city of Paestum
Paestum was a major ancient Greek city on the coast of the Tyrrhenian Sea in Magna Graecia. After its foundation by Greek colonists under the name of Poseidonia (Ancient Greek: Ποσειδωνία) it was eventually conquered by the Lucanians and later the Romans.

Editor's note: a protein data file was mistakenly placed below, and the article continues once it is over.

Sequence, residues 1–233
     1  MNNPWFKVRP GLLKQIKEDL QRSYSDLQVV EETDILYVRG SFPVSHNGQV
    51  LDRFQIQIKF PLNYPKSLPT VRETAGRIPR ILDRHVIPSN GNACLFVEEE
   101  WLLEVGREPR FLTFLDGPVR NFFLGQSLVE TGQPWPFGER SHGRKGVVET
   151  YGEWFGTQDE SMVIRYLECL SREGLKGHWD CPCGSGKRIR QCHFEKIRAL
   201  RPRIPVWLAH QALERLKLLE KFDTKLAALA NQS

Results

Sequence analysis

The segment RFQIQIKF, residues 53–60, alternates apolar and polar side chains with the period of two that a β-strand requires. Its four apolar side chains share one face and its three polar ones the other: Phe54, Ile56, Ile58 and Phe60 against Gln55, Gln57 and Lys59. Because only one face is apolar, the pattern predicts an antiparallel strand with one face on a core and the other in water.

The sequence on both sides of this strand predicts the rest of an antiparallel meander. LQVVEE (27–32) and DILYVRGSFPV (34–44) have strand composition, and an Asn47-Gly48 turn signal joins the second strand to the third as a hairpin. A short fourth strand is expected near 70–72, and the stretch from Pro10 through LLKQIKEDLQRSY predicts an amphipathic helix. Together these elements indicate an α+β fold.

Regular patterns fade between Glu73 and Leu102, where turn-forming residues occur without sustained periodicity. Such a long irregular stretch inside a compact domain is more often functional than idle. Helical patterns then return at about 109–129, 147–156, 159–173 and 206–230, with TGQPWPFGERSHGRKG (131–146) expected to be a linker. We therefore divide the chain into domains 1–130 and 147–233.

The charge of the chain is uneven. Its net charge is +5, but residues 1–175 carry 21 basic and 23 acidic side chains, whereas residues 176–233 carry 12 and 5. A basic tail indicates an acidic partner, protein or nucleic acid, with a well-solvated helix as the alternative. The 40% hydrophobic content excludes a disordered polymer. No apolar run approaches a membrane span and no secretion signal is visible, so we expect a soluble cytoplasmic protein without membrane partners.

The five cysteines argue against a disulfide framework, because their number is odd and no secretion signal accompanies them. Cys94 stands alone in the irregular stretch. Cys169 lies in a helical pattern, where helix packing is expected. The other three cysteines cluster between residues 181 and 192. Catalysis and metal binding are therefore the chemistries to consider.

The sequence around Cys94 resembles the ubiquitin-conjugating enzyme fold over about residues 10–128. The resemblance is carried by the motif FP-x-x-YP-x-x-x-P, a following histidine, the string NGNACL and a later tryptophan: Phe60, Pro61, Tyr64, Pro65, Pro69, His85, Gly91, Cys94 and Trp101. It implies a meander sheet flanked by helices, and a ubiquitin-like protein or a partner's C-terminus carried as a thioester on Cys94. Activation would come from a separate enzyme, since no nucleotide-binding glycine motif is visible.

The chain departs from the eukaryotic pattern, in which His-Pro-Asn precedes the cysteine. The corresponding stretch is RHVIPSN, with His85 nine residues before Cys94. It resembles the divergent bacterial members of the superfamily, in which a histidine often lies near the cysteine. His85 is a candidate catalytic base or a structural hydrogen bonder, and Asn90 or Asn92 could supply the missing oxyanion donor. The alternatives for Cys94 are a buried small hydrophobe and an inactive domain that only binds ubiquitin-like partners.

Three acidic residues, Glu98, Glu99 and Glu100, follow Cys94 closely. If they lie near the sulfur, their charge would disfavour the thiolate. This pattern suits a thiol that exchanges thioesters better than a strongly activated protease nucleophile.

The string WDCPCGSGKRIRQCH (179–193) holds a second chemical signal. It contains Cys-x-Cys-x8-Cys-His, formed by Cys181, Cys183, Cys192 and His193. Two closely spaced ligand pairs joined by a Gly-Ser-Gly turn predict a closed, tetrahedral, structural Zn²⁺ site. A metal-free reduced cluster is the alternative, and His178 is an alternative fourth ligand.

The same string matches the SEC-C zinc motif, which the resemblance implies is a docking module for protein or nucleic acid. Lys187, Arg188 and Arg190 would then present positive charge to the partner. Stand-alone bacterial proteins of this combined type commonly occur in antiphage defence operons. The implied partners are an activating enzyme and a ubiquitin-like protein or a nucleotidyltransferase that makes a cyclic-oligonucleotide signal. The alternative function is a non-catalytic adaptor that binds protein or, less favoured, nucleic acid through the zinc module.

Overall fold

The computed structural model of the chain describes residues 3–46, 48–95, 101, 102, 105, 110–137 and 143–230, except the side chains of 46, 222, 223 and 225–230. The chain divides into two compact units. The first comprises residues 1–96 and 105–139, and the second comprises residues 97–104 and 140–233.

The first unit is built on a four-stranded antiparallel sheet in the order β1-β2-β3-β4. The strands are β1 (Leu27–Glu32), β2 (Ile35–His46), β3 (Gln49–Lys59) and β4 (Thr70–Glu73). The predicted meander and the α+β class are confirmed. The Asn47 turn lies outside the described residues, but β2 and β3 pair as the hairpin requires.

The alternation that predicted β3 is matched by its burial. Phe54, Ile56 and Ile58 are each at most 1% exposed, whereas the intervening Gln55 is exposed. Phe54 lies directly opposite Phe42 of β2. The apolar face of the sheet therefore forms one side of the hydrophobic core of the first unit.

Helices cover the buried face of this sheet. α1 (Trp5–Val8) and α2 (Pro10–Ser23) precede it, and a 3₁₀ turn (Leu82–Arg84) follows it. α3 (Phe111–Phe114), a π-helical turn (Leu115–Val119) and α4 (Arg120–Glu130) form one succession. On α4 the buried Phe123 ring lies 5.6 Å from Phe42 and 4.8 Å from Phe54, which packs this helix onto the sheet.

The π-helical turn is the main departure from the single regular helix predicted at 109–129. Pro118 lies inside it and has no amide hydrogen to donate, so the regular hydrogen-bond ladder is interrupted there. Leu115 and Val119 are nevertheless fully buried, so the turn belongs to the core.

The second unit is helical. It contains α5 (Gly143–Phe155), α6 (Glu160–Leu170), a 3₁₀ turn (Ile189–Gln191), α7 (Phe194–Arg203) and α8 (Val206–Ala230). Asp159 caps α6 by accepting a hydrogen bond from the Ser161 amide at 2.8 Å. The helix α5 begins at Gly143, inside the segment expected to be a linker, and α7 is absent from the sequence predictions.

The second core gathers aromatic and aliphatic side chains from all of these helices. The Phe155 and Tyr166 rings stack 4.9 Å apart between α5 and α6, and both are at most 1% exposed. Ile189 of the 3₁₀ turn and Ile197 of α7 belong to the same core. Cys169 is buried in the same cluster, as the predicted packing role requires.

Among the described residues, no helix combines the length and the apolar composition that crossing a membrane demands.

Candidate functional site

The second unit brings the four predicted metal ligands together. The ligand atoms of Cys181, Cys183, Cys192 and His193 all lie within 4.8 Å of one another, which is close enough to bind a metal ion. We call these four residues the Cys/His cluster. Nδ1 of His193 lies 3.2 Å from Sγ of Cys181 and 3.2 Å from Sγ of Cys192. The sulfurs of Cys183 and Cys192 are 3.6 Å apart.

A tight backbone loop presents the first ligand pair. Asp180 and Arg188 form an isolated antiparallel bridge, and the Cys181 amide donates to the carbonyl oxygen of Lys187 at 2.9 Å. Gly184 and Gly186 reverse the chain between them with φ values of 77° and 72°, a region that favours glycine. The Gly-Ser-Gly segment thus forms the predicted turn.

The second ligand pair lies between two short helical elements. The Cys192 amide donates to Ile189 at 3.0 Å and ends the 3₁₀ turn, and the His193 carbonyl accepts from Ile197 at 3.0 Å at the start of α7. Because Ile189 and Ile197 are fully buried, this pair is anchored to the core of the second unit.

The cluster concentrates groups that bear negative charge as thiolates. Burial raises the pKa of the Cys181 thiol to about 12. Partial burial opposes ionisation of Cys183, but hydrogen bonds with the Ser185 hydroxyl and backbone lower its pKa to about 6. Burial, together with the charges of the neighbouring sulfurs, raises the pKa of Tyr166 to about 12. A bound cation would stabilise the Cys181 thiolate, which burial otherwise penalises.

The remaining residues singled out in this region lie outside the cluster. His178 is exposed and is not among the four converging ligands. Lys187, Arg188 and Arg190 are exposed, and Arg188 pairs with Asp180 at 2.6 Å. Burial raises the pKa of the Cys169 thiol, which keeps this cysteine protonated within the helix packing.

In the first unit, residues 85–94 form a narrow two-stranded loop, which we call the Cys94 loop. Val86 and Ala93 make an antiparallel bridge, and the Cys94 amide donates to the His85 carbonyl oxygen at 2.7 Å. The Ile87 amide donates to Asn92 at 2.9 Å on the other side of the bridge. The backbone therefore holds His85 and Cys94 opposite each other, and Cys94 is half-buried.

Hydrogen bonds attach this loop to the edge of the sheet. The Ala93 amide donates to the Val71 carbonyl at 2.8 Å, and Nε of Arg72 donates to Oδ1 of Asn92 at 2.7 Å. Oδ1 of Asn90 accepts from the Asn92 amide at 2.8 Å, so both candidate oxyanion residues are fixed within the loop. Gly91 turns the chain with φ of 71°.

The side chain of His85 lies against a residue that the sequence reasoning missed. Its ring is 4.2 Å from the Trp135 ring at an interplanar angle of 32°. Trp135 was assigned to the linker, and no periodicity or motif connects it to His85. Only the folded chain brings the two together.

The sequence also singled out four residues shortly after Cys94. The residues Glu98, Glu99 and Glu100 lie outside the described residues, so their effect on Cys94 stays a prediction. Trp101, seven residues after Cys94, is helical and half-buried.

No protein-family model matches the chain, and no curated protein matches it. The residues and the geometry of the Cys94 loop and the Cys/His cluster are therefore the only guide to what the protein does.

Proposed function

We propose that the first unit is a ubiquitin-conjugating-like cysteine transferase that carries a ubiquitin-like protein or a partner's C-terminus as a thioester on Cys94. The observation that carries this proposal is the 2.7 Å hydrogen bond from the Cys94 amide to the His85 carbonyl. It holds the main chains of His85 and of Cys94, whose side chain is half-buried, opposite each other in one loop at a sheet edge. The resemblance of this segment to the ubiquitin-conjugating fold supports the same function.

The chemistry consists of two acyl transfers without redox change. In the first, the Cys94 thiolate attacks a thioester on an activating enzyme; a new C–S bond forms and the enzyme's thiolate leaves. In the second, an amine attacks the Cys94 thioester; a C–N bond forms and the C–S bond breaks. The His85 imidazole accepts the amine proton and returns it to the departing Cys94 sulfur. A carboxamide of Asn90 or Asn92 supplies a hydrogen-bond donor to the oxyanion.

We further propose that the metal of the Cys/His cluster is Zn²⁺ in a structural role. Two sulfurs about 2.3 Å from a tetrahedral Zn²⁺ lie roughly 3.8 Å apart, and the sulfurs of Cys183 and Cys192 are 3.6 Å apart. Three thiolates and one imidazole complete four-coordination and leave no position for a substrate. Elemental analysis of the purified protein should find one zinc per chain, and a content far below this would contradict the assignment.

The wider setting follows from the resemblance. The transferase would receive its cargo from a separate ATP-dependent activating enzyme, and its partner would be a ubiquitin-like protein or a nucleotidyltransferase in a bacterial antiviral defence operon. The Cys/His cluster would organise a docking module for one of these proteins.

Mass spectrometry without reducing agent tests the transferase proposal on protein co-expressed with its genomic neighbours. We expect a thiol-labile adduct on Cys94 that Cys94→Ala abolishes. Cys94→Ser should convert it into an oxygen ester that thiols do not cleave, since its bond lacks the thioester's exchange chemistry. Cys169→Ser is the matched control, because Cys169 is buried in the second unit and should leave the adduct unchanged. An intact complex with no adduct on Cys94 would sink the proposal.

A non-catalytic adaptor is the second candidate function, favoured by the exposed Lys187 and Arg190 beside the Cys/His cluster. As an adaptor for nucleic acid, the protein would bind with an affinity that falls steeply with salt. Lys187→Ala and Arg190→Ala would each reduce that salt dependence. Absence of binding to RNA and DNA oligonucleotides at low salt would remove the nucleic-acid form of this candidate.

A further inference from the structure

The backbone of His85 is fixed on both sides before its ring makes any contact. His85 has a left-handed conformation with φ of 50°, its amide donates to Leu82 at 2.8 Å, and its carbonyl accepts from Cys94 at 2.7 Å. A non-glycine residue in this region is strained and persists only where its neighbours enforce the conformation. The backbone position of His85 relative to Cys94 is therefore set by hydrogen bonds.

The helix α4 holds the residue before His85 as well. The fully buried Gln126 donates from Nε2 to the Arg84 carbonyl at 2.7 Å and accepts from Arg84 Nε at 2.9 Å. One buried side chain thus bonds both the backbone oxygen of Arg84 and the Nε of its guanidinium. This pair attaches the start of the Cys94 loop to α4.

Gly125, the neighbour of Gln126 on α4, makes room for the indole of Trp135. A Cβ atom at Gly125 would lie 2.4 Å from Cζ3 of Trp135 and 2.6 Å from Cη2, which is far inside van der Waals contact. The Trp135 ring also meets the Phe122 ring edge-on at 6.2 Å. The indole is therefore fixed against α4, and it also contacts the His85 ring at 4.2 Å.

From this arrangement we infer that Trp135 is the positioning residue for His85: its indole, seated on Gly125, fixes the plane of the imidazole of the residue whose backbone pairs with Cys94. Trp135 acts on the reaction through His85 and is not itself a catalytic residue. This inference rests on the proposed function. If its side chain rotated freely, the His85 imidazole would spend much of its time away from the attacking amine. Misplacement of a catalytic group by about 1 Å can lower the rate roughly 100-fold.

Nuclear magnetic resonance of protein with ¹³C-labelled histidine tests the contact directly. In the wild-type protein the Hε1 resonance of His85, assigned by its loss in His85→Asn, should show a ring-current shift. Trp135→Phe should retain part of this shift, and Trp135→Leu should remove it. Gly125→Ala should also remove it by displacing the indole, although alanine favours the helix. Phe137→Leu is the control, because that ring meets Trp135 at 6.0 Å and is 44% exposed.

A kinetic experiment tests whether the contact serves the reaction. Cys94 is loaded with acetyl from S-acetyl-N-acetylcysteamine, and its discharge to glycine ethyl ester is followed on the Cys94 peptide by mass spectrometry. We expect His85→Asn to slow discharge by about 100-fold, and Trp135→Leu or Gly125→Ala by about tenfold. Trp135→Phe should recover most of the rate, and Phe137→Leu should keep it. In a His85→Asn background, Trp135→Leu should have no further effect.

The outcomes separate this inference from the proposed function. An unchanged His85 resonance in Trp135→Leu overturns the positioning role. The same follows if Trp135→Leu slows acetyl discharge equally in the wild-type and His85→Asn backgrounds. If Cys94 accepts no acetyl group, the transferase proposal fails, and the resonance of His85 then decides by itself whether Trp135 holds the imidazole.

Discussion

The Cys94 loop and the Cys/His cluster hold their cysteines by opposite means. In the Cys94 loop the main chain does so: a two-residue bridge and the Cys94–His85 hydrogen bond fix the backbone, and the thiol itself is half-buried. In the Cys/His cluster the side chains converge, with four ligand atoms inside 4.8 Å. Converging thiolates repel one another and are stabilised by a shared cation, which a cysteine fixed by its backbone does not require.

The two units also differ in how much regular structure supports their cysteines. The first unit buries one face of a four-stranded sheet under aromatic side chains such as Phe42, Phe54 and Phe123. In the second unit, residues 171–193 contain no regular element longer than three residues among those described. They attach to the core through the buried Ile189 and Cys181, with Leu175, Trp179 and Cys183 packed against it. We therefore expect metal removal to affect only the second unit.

The Lucanians renamed it to Paistos and the Romans gave the city its current name. The ruins of Paestum are notable for their three ancient Greek temples which are in a very good state of preservation. Today the remains of the city are found in the modern frazione of the same name, which is part of the comune of Capaccio in the Province of Salerno, Campania, Italy. According to Strabo the city was founded as Poseidonia by Greek Achaeans from Sybaris. The colonists had built fortifications close to the sea, but then decided to found the city further inland at a higher elevation. The fortifications might have been built to the south of Poseidonia on the promontory where Agropoli is now. According to the historical tradition the sanctuary to Poseidon was located there, after which the city would have been named. The date of Poseidonia's founding is not given by ancient sources, but the archaeological evidence gives a date of approximately 600 BC. Alternatively, the Sybarites may in fact have been Troezenians. Aristotle wrote that a group of Troezenians was expelled from Sybaris by the Achaeans after their joint founding of that city. Gaius Julius Solinus calls Paestum a Dorian colony and Strabo mentions that Troezen was once called Poseidonia. As a consequence it has been argued that Paestum was founded by the Troezenians referred to by Aristotle. Another hypothesis is that the Sybarites were aided by Dorians in their founding of Poseidonia. Archaeological evidence from Paestum's first centuries indicates the building of roads, temples and other features of a growing city. Coinage, architecture and molded votive figurines all attest to close relations maintained with Metaponto in the sixth and fifth centuries. It is assumed that Poseidonia harbored refugees from its mother city Sybaris when that city was conquered by Croton in 510 BC. In the early fifth century, Poseidonia's coins adopted the Achaean weight standard and the bull seen on Sybarite coins. A. J. Graham thinks it was plausible that the number of refugees was large enough for some kind of synoecism to have occurred between the Poseidonians and the Sybarites, possibly in the form of a sympolity.